Sniffspot is an app that lets you turn your backyard into a private dog park. Newsday real estate reporter Rachel Weiss reports. Credit: Barry Sloan

Living in a one-bedroom apartment in Colorado, Joyanna Sora had limited space for her dogs — Daisy, a pit bull mix, and Donner, a German shepherd-Labrador.

The complex offered an outdoor space for dogs, but it wasn't secure or maintained, Sora said. She wanted Daisy and Donner to have room to roam, but in a private setting.

While scrolling through TikTok one day, Sora, 26, found Sniffspot. The app that allows homeowners to rent out their backyards by the hour, for dogs and their people.

"You don't even have to have dogs to understand what it is to have dogs in an apartment," Sora said. "You can just imagine."

So she downloaded the app and started bringing her four-legged friends to fenced-in yards in her area. But last year, when Sora moved back to her native Centereach, she realized that her mother's backyard would make a great Sniffspot.

"Having my own dogs, I'm already cleaning up the backyard so it's not like I'm adding any additional work," said Sora, who works from home for the jewelry company Brilliant Earth.

There are currently 132 active Sniffspot hosts on Long Island, said David Adams, the company's CEO. He started Sniffspot in 2018. The idea was born out of Adams not being able to find a safe place to let his own dog explore off-leash.

How many Sniffspot hosts are there on Long Island?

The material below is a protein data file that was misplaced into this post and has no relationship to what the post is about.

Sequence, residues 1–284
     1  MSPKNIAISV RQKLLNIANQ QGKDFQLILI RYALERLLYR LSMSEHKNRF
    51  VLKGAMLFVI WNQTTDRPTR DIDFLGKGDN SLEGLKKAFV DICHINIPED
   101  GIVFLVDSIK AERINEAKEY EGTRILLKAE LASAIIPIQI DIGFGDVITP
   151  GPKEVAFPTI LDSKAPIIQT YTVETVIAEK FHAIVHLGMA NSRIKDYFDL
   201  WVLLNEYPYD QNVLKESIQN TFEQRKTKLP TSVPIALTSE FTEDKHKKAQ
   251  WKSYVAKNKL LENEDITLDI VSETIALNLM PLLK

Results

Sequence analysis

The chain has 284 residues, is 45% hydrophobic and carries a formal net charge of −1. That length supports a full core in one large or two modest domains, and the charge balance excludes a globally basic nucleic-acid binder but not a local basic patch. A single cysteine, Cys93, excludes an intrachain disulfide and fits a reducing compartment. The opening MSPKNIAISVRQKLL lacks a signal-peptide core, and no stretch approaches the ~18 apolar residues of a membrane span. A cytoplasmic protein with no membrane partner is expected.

How much can hosts potentially earn?

Up to $3,000 per month

Now, "we have over 15,000 active hosts all over the U.S.," said Adams. "In every single state, and several countries as well."

The requirements to become a Sniffspot host are straightforward: The area must be private, and there cannot be any people or other animals in the spot during the visit. So hosts like Sora, who have dogs of their own, would just have to keep them inside their homes and out of sight while guests are in the backyard.

"As long as the space is safe with no hazards, then you can host and share it with people," Adams said.

Long Islanders who live on the water have the potential for success as hosts, he added.

"We love spots that are by bodies of water," Adams said. "In the summer, those are the most popular spots, where people can go swimming with their dogs. Water access is a very popular amenity."

Guests must clean up after their dogs, and guests and hosts can review each other on the app. Hosts have the potential to earn up to $3,000 a month, Adams said.

"But we've had hosts earning up to $7,000 a month," he added. "It can be really lucrative. Those are for successful spots, and it's the kind of thing where you get what you put into it. But the sky's the limit in terms of what you can earn."

Hosts can set their own hourly rate. Sora said most of her guests rent out the yard for just an hour at a time. Hosts can also block out times when the yard will be unavailable to visitors.

Joyanna Sora found Sniffspot when she was living in an...

Joyanna Sora found Sniffspot when she was living in an apartment with dogs Donner, left, and Daisy. Credit: Barry Sloan

"I charge $7 an hour, which I want to say is a little bit cheaper than other people charge," Sora said. Her house sits on 0.25 acre of land, and she offers her dog guests sweet potato treats and a selection of toys.

Since becoming a Sniffspot host in October, Sora estimates that she's made about $120 so far. But she's not doing it for the money — in fact, she invests what she makes back into backyard maintenance, she said.

"I like the idea of being able to give back, and I know people were really supportive of me when I was using it," she said. "I was like, 'Listen, I have two dogs, I just wanna make sure your fencing is secure or is there anything I should know.' People were always so kind, so I just enjoy being able to be that kind person for other people now."

Latest Videos

Newsday LogoSUBSCRIBEUnlimited Digital AccessOnly 25¢for 5 months